15 _Respiration in speech 0.23 0.63* −0.24 0.26
16 Voice quality 0.37 0.62* −0.16 0.02
17 Volume 0.13 0.72* −0.24 0.23

Dysarthria and AOS 18a AMR (rate) 0.17 0.33 0.71* 0.22
18b _AMR (articulation) 0.56* 0.42 0.41 −0.45
19a SMR (rate) 0.17 0.25 0.64* 0.31
19b _SMR (articulation) 0.58* 0.34 0.39 −0.42

AOS 20a _Increased word length (syllable) 0.70* −0.35 0.26 −0.16
20b _Increased word length (articulation) 0.64* −0.07 0.40 −0.26
21a _Repeated trials (syllable) 0.82* −0.09 −0.07 −0.17
21b _Repeated trial (articulation) 0.80* −0.29 0.17 0.01

* Items with the highest loading are highlighted in the column of the corresponding factor.

Table 8
Correlation analyses between the proposed screening form and CAB, FDA-2 or ABA-2 (Cantonese)
Section of the screening form Validation task r
2 Yes/no questions Yes/no questions (CAB) 0.79**
3 Noun comprehension Auditory word recognition (CAB) 0.46**
4 Verb comprehension Auditory word recognition (CAB) 0.82**
5 Simple commands Sequential commands (CAB) 0.75**
6 Sequential commands Sequential commands (CAB) 0.78**
Total score of the receptive language Total score of the auditory verbal comprehension (CAB) 0.92**
7 Responsive naming Responsive speech (CAB) 0.75**
8 Noun naming Object naming (CAB) 0.80**
9 Verb naming Object naming (CAB) 0.73**
10a Repetition (syllable) Repetition (CAB) 0.46**
10b Repetition (articulation) Repetition (CAB) 0.62**
11 divergent naming Word fluency (CAB) 0.85**
12 Sentence completion Sentence completion (CAB) 0.67**
13.1 Fluency Spontaneous speech – fluency (CAB) 0.70**
13.2 Information Spontaneous speech – information (CAB) 0.77**
Total score of the expressive language Total score of naming, repetition and spontaneous speech (CAB) 0.88**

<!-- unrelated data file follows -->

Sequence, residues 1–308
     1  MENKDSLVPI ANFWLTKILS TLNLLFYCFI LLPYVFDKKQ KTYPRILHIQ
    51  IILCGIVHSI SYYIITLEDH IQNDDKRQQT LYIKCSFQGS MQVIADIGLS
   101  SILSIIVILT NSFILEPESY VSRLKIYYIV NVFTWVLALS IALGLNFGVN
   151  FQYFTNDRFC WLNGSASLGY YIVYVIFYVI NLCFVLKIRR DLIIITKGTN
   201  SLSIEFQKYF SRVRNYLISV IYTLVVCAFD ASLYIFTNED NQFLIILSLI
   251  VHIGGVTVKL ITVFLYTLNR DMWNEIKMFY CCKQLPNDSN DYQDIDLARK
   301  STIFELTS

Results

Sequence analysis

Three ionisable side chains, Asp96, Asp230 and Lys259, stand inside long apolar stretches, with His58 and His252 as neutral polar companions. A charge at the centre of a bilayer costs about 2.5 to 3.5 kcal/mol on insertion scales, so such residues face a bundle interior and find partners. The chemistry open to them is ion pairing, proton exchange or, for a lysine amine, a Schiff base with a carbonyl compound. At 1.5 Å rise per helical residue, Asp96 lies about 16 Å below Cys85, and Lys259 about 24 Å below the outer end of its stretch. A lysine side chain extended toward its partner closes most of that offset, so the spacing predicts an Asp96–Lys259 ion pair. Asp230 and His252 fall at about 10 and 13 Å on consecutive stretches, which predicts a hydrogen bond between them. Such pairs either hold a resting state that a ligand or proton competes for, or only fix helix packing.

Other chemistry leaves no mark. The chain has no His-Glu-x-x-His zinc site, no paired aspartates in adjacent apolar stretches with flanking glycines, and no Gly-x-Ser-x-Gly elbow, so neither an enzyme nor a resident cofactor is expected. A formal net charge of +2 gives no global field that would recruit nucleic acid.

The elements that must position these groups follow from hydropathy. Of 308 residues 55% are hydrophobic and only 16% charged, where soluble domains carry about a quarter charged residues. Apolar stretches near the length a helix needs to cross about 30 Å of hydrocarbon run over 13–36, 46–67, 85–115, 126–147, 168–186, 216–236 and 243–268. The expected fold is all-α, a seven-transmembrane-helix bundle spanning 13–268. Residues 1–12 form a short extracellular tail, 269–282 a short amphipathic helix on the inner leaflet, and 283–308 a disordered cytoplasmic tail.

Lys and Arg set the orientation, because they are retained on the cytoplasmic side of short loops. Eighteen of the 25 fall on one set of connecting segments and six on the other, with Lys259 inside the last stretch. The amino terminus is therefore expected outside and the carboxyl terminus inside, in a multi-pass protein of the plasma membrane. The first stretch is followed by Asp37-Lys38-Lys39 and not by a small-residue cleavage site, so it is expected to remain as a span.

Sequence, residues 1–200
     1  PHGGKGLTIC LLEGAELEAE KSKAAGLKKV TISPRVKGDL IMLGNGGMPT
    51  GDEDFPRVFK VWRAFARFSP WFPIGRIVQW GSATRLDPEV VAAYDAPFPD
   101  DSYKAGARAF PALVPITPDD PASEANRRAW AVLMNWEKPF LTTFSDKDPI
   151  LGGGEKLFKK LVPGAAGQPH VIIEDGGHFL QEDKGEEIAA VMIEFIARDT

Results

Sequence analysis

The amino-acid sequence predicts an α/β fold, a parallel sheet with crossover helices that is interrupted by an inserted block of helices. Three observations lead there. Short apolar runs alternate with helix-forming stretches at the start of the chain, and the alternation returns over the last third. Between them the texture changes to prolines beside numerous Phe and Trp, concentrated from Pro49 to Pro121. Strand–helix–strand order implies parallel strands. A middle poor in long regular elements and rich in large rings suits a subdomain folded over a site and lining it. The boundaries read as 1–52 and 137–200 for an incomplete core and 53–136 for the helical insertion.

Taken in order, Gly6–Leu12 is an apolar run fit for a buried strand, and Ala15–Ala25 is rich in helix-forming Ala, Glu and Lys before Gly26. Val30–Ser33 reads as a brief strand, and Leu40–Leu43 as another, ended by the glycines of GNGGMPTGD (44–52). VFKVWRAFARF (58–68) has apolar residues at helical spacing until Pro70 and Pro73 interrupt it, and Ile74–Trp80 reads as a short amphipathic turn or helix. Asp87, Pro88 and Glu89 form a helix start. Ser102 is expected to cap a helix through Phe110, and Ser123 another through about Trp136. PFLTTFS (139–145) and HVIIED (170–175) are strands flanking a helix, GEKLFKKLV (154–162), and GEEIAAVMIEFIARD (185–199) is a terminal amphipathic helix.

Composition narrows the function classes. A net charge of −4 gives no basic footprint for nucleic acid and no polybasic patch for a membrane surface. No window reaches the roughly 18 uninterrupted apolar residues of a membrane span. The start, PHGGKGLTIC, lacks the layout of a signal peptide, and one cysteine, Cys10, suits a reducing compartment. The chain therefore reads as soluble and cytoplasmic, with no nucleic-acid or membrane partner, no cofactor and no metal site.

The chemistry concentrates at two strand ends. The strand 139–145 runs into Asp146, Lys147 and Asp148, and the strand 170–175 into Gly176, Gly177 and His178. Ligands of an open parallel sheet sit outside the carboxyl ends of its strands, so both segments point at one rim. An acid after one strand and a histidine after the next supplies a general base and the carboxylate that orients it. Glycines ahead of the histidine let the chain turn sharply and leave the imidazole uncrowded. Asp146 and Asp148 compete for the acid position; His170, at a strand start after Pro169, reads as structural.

Sum of receptive and expressive language Aphasia quotient (CAB) 0.91**
14 Intelligibility Intelligibility: conversation (FDA-2) 0.38*
15 Respiration in speech Respiration in speech (FDA-2) 0.20
16 Voice quality Laryngeal in speech (FDA-2) 0.38*
17 Volume Laryngeal volume (FDA-2) 0.39*
Total score of Dysarthria Severity of dysarthria (FDA-2) 0.39*
18a AMR (rate) Diadochokinetic rate (ABA-2) 0.35
18b AMR (articulation) Diadochokinetic rate (ABA-2) −0.15
19a SMR (rate) Diadochokinetic rate (ABA-2) 0.24
19b SMR (articulation) Diadochokinetic rate (ABA-2) −0.15
20a _Increased word length (syllable) Increased word length (ABA-2) 0.70**
20b _Increased word length (articulation) Increased word length (ABA-2) 0.70**
21a Repeated trials (syllable) Repeated trials (ABA-2) 0.26
21b Repeated (articulation) Repeated trials (ABA-2) 0.34
Total score of AOS Severity of AOS (ABA-2) 0.43*

* Correlation significant at the 0.05 level;

** Correlation significant at the 0.01 level.

Table 9
Summary of reliability and validity of different sections in the proposed screening form
Area Section Internal consistency Inter-rater reliability Construct validity Content validity
Receptive language 1 Orientation questions Good Significant Low CITI Significant

2 Yes/no questions* Good* Significant* Factor 1* Significant*

3 Noun Good Significant Low CITI Significant

4 Verb* Good* Significant* Factor 1* Significant*
5 Simple commands* Good* Significant* Factor 1* Significant*
6 Sequential commands* Good* Significant* Factor 1* Significant*

Expressive language 7 Responsive naming* Good* Significant* Factor 1* Significant*

8 Noun Good Significant Low CITI Significant

9 Verb* Good* Significant* Factor 1* Significant*

10a Repetition (syllable) Good Significant Low CITI Significant

10b Repetition (articulation)* Good* Significant* Factor 1* Significant*
11 Divergent naming* Good* Significant* Factor 1* Significant*

12 Sentence completion Good Significant Low CITI Significant

13a Fluency* Good* Significant* Factor 1* Significant*
13b Information* Good* Significant* Factor 1* Significant*

Dysarthria 14 Intelligibility* Acceptable* Significant* Factor 1* Significant*

15 Respiration in speech Acceptable Non-significant Factor 2 Non-significant

16 Voice quality* Acceptable* Significant* Factor 2* Significant*
17 Volume* Acceptable* Significant* Factor 2* Significant*

Dysarthria and AOS 18a AMR (rate) Acceptable Non-significant Factor 3 Non-significant
18b AMR (articulation) Acceptable Non-significant Factor 1 Non-significant
19a SMR (rate) Acceptable Non-significant Factor 3 Non-significant
19b SMR (articulation) Acceptable Non-significant Factor 1 Non-significant

AOS 20a Increased word length (syllable) Questionable Significant Low CITI Significant
20b Increased word length (articulation) Questionable Significant Factor 1 Significant
21a Repeated trials (syllable) Questionable Non-significant Factor 1 Non-significant
21b Repeated trials (articulation) Questionable Non-significant Factor 1 Non-significant

Low CITI: sections with low corrected item-total correlation coefficients.

* Sections that are passing all criteria for reliability and validity.